Why Google won’t put the moves on insurance


Thin profit margins, regulatory hurdles and the inability to understand risk will keep Google from eating the insurance industry’s lunch in Asia Pacific, according to research firm Ovum.

Charles Juniper, Senior Analyst, Financial Services Technology at Ovum pointed to these key reasons as to why Google is unlikely to make a move into Insurance. The size of the industry will also be factor, he said:  “One of the ways insurers have survived is through consolidation to achieve scale. While Google is big, it would be taking on some very large global organisations with a very strong reason and the resources to fight back.”

A recent report by Google and BCG India concluded that insurance is among the top five product categories in which the web is the dominant purchasing channel, raising the question as to whether insurance giants the world over should fear the imminent entrance of players such as Google and Facebook as disruptive competition in their industry.

Although Google’s entrance is unlikely, Juniper suggests that there are points in the insurance value chain in which the tech giant  could take a strong position, “The insurance industry has been woefully bad at communicating with its customers… the reality is that change is only happening very slowly… Google, however, does understand how to communicate and market to large numbers of people.”

John Shew, Head of IT at RHB Insurance in Malaysia, said insurance companies across the Asia Pacific region would not know how to leverage Google into business opportunities. He suggests that Google would have trouble penetrating the industry and would need a deep thinking process in order to successfully move into becoming an insurance provider.

“Insurance is governed by regulation, and also risk management, which I do not think Google can penetrate easily without a deep thinking process,” he said. Juniper suggests there is more value for Google in taking on the role of an aggregator, which by definition is an application which aggregates related, frequently updated content from various online sources and consolidates into one place for viewing.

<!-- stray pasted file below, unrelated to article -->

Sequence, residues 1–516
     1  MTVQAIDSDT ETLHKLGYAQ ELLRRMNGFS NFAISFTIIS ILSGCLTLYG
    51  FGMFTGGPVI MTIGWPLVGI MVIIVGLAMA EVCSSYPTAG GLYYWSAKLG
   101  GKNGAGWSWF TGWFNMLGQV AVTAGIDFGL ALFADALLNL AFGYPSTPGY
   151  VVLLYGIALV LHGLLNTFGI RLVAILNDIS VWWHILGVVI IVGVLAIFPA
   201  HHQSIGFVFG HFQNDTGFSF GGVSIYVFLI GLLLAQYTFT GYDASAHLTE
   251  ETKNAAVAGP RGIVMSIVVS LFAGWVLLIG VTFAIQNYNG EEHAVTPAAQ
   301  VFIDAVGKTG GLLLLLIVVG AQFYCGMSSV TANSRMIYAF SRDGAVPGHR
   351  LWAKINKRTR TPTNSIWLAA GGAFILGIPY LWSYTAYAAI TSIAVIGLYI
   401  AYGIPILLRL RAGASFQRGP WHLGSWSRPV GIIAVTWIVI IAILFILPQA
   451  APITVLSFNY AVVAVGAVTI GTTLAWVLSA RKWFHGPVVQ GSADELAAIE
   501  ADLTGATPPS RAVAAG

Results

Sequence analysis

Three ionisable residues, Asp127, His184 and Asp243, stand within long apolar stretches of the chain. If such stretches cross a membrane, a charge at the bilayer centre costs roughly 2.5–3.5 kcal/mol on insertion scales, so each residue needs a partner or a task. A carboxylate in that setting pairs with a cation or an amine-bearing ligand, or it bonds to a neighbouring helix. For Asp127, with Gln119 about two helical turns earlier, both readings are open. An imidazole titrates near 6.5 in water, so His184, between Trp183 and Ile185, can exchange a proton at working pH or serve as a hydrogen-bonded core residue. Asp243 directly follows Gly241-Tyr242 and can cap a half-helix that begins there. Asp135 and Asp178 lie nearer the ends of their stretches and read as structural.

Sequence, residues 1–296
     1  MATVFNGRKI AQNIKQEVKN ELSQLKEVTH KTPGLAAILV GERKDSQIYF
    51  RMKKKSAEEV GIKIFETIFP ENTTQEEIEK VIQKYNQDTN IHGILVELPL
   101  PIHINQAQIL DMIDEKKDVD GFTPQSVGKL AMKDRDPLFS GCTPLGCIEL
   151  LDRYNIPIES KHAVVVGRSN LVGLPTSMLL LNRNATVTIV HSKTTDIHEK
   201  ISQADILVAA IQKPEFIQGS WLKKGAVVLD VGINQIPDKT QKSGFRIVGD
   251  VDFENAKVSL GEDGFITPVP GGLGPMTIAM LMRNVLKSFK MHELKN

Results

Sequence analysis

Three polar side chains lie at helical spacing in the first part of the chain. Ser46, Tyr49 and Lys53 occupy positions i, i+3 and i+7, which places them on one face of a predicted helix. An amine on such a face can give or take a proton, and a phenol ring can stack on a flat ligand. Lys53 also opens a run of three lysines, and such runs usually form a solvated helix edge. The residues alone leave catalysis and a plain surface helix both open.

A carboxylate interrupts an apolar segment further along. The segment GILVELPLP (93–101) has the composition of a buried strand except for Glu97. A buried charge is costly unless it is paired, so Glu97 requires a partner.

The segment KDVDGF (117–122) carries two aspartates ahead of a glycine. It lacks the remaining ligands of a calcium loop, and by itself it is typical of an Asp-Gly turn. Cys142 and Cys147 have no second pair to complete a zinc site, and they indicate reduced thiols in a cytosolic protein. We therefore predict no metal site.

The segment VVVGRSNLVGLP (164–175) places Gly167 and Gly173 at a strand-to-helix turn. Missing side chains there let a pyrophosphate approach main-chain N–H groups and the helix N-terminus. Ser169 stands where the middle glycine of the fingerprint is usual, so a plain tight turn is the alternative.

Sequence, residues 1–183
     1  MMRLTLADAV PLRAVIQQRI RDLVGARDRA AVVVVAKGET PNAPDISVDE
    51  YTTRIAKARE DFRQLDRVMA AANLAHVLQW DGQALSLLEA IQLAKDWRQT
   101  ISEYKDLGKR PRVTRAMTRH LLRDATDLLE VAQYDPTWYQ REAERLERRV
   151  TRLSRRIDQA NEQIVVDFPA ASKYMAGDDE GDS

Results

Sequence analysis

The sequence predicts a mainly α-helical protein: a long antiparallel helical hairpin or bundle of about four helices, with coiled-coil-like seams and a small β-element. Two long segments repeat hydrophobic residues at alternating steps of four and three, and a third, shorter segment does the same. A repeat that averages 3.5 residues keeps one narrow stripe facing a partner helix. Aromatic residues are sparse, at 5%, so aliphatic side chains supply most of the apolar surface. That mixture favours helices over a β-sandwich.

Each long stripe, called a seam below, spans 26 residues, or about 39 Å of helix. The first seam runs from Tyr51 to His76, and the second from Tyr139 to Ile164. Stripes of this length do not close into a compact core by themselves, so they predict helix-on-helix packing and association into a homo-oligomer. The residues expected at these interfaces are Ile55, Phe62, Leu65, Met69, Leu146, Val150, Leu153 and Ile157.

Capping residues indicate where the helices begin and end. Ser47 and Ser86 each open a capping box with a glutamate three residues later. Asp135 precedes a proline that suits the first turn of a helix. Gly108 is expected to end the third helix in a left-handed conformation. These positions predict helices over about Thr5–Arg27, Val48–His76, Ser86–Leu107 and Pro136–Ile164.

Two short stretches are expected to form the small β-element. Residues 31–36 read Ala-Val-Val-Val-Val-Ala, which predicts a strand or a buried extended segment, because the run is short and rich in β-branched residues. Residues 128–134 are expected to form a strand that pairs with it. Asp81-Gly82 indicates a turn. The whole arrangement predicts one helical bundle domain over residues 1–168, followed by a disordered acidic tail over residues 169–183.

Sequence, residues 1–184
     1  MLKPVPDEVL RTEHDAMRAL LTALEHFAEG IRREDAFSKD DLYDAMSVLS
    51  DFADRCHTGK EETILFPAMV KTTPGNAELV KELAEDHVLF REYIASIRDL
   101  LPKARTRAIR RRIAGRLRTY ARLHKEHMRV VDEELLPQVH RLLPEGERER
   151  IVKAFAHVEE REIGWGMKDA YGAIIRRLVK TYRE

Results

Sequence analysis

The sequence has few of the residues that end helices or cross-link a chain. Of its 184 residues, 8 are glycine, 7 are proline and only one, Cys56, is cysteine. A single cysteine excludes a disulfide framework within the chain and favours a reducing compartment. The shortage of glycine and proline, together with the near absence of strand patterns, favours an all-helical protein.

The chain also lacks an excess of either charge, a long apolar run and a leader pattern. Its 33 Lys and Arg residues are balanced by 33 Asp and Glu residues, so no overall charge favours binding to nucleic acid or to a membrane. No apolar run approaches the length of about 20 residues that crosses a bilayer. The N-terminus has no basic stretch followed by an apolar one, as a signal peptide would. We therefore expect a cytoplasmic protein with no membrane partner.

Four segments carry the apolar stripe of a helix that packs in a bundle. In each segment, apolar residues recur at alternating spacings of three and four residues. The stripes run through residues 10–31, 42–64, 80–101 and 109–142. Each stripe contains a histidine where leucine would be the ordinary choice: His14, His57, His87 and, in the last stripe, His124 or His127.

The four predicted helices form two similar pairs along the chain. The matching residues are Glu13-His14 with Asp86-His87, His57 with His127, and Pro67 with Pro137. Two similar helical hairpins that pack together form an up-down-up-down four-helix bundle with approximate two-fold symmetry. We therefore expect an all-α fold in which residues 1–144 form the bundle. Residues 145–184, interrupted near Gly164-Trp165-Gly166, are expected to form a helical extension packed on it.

He suggests this is something the tech giant has already begun to do with the acquisition of BeatThatQuote.“The best place for Google to leverage these assets is as an aggregator making commission on each policy sold without having to underwrite the actual risk being covered… I think Google will be actively looking at other acquisitions globally as the role of aggregators becomes increasingly important in other regions,” he said.

Finding another avenue

Shew said that a potential entry by Google into the insurance industry could be risky for Google itself, because of limitations in fraud detection and big data analysis, “Going on Facebook or Google can be a messy with data and overwhelming, which means not being able to detect potential fraud, which can put the business in danger.”

With Google well-placed in its ability to capture and organise a vast amount of data, an area where it could play a significant role, according to Juniper, is in becoming a telematics service provider; capturing and processing data from vehicles for usage-based-insurance (UBI) products.

“While UBI products within the auto industry account for under three per cent of policies sold currently there is massive growth in the UK, US, Italy, Canada, Brazil and China. UBI relies on the capture, processing and management of massive amounts of data – which clearly plays to Google’s strengths,” he said.

Shew pointed out that Google still has a way to go before it can provide insurance to customers, “The mass market will certainly bring in more revenue and higher risk. No doubt the digitalisation era is marching in, to reach the insurance market, Google still needs to put in place some processes and policies to nurture the market locally, and regionally.”

Google already captures a significant amount of data from mobile users of android devices, something which Shew suggests could help in determining factors on deciding on premiums, “That is the trend and be prepared, as our data is being collected from our smart phone now,” he warned.